Hawaiian Food: 8 Best Foods to Try in Hawaii
If you don't explore the cuisine of the place you visit, does it really count? Here are 8 most popular and traditional foods in Hawaii that you must try when visiting.
Hello foodies! Here's a wrap of all the must-try foods when in Hawaii.
Not to miss out: Giovanni's Shrimps!
I'm bad at not spoiling the most exciting things first: as much as other foods on this list are must-tries, this is my absolute personal favourite. Giovanni's Shrimp Truck serves shrimp that is often locally sourced, giving travelers a real taste of the island's seafood. Their garlic shrimp is so simple that it's impossible not to love. It's a simple dish – shrimp sautéed with heaps of garlic and served with rice – but it's made in a way that has earned a lot of praise.
You can find Giovanni's Shrimp Truck in Kahuku & Haleiva, both located in Oahu island. The food truck is located in a laid-back, outdoor places, further away from all the touristic buzz, giving you the authentic Hawaiian dining experience. And you have to go there. #PromiseNOTsponsored
Now moving on from fan-girling…
Welcome to the land of poke bowls. Poke is a traditional Hawaiian dish. It usually features raw fish, such as tuna or salmon, which is often local from Hawaii, making it incredibly fresh. Poke bowls come with various options for personalization, including the type of fish, base (like rice, quinoa, or greens), and loads of toppings and sauces. In Hawaii, you'll get ingredients like seaweed, Hawaiian salt, and kukui nuts that give their poke bowls a unique taste that you won't find elsewhere!
Hawaiian shave ice
Hawaiian Shave Ice is a popular dessert made from finely shaved ice, resembling soft snow, which is then drizzled with a variety of flavored syrups. And not, it's not the same as snow cones. These are typically made with crushed ice, meaning that they're way less fine and fluffy than the Hawaiian shaved ice.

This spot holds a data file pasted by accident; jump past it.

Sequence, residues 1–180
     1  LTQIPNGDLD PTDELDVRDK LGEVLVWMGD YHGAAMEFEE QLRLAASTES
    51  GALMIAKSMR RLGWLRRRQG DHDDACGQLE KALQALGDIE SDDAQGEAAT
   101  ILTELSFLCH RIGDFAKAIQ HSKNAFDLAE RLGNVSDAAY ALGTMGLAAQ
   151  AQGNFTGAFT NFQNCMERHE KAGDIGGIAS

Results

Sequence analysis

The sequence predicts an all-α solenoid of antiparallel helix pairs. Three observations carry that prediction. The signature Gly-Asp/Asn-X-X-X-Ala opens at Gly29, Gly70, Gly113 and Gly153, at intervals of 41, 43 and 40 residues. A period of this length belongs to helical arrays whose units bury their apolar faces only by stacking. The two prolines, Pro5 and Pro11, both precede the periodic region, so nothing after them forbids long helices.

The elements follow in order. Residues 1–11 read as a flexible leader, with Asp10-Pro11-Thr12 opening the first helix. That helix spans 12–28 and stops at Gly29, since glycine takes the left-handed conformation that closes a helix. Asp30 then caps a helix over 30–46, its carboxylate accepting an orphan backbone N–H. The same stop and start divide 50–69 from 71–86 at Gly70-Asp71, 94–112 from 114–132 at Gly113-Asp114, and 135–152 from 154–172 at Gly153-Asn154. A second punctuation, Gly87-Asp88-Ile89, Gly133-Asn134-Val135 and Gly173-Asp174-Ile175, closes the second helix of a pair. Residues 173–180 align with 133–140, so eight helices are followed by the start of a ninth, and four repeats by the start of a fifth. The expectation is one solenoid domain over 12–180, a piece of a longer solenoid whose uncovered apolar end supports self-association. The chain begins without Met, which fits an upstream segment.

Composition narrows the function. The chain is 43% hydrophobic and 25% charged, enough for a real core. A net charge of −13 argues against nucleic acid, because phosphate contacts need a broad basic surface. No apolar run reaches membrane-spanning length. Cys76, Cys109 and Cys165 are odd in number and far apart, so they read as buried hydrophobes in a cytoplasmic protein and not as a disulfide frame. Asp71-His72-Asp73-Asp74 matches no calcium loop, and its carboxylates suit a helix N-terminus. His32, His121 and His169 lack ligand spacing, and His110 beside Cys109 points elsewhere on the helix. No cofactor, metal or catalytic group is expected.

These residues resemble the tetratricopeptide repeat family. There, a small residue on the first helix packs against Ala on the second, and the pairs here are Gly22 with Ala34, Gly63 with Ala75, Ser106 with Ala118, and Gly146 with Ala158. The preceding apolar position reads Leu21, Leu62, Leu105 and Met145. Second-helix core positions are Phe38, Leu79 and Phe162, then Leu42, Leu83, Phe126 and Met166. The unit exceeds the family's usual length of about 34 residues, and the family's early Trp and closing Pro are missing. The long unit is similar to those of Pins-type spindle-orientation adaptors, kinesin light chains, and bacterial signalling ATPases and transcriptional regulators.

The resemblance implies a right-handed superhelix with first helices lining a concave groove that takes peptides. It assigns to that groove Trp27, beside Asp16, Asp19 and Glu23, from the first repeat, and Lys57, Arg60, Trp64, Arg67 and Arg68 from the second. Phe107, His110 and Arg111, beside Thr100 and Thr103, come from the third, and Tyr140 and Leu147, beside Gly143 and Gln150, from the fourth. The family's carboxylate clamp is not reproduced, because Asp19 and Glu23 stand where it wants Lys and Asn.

The origins of Hawaiian shave ice trace back to the plantation era of Hawaii when Japanese immigrants introduced the concept, akin to Japan's "kakigori." You'll find plenty of spots selling these in Honolulu.
This one's very Hawaiian but not necessarily something that you'll like. Spam is a brand of canned cooked pork (waaait, don't judge before trying) that became popular in Hawaii during and after World War II. Over the years, Spam has been embraced by Hawaiian culture and incorporated into a variety of local dishes. It's known for its salty, savory flavor and various uses in various recipes, so you can find it almost everywhere.
While acai bowls are now a thing worldwide, you must try one in Hawaii. Acai bowls start with a base of acai berries, which are known for being high in antioxidants, fiber, and heart-healthy fats. Hawaiian acai bowls often include a variety of local toppings like fresh pineapple, mango, papaya, coconut flakes, and local honey, so you basically get a taste of Hawaii.
"Kalua" is a traditional Hawaiian cooking method where the pig is slow-cooked in an underground oven called an imu. This method gives the meat a unique, smoky flavor that's hard to replicate with other cooking techniques. It can be served as a main dish, in sandwiches, tacos, or as part of a mixed plate with rice, for example.
Kalua Pig is often associated with Hawaiian luaus, so you're not only eating - you're experiencing a part of Hawaiian culture!
It's a Hawaiian dish with a very fun name, said to be invented in the 1940s. It consists of white rice topped with a hamburger patty, a fried egg, and brown gravy (there's a vegetarian option, too). Loco Moco is a beloved local dish and an example of Hawaiian comfort food. Like a Hawaiian version of mac & cheese, give or take.
It represents the melting pot of cultures in Hawaii, combining elements from American (hamburger), Asian (rice), and local Hawaiian (gravy) cuisines.
Lomi Lomi Salmon
The dish combines salted salmon, tomatoes, onions, and green onions and was originally introduced to the Hawaiian islands by Western sailors. Lomi Lomi Salmon is prepared by massaging (Lomi) the ingredients together. It's the perfect accompaniment to heavier dishes like Kalua Pig, offering a balanced and authentic Hawaiian flavor.
Which one's your favorite? Psst: I really didn't like the spam thing. You still have to try it yourself, though!
Going to Hawaii? Here's more: